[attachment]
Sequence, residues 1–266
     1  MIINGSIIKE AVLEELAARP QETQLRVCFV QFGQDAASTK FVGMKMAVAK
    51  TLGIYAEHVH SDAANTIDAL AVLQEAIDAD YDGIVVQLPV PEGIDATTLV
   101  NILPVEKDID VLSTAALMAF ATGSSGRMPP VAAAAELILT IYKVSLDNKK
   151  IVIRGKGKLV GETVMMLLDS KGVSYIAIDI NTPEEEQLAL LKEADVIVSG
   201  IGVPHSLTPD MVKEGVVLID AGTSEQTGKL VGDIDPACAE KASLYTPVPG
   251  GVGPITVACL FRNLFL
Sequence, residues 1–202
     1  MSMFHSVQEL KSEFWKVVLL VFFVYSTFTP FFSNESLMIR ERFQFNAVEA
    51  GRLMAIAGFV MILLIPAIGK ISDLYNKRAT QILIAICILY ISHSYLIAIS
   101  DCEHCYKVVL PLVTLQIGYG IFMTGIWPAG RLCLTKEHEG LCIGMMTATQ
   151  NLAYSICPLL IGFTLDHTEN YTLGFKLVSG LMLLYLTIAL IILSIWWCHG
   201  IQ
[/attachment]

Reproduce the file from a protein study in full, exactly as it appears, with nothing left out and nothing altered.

Sequence, residues 1–266
     1  MIINGSIIKE AVLEELAARP QETQLRVCFV QFGQDAASTK FVGMKMAVAK
    51  TLGIYAEHVH SDAANTIDAL AVLQEAIDAD YDGIVVQLPV PEGIDATTLV
   101  NILPVEKDID VLSTAALMAF ATGSSGRMPP VAAAAELILT IYKVSLDNKK
   151  IVIRGKGKLV GETVMMLLDS KGVSYIAIDI NTPEEEQLAL LKEADVIVSG
   201  IGVPHSLTPD MVKEGVVLID AGTSEQTGKL VGDIDPACAE KASLYTPVPG
   251  GVGPITVACL FRNLFL
Sequence, residues 1–202
     1  MSMFHSVQEL KSEFWKVVLL VFFVYSTFTP FFSNESLMIR ERFQFNAVEA
    51  GRLMAIAGFV MILLIPAIGK ISDLYNKRAT QILIAICILY ISHSYLIAIS
   101  DCEHCYKVVL PLVTLQIGYG IFMTGIWPAG RLCLTKEHEG LCIGMMTATQ
   151  NLAYSICPLL IGFTLDHTEN YTLGFKLVSG LMLLYLTIAL IILSIWWCHG
   201  IQ